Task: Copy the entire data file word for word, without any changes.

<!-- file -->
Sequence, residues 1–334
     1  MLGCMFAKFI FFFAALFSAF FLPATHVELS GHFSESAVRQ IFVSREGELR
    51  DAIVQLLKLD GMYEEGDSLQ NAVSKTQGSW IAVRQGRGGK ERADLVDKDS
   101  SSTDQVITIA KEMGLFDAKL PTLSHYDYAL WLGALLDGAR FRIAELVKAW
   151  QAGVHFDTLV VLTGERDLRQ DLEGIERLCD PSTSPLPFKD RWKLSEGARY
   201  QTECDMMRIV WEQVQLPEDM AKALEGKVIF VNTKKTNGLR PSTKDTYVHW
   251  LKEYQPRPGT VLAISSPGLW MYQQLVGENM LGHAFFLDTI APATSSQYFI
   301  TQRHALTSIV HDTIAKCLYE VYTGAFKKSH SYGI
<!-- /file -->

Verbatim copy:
Sequence, residues 1–334
     1  MLGCMFAKFI FFFAALFSAF FLPATHVELS GHFSESAVRQ IFVSREGELR
    51  DAIVQLLKLD GMYEEGDSLQ NAVSKTQGSW IAVRQGRGGK ERADLVDKDS
   101  SSTDQVITIA KEMGLFDAKL PTLSHYDYAL WLGALLDGAR FRIAELVKAW
   151  QAGVHFDTLV VLTGERDLRQ DLEGIERLCD PSTSPLPFKD RWKLSEGARY
   201  QTECDMMRIV WEQVQLPEDM AKALEGKVIF VNTKKTNGLR PSTKDTYVHW
   251  LKEYQPRPGT VLAISSPGLW MYQQLVGENM LGHAFFLDTI APATSSQYFI
   301  TQRHALTSIV HDTIAKCLYE VYTGAFKKSH SYGI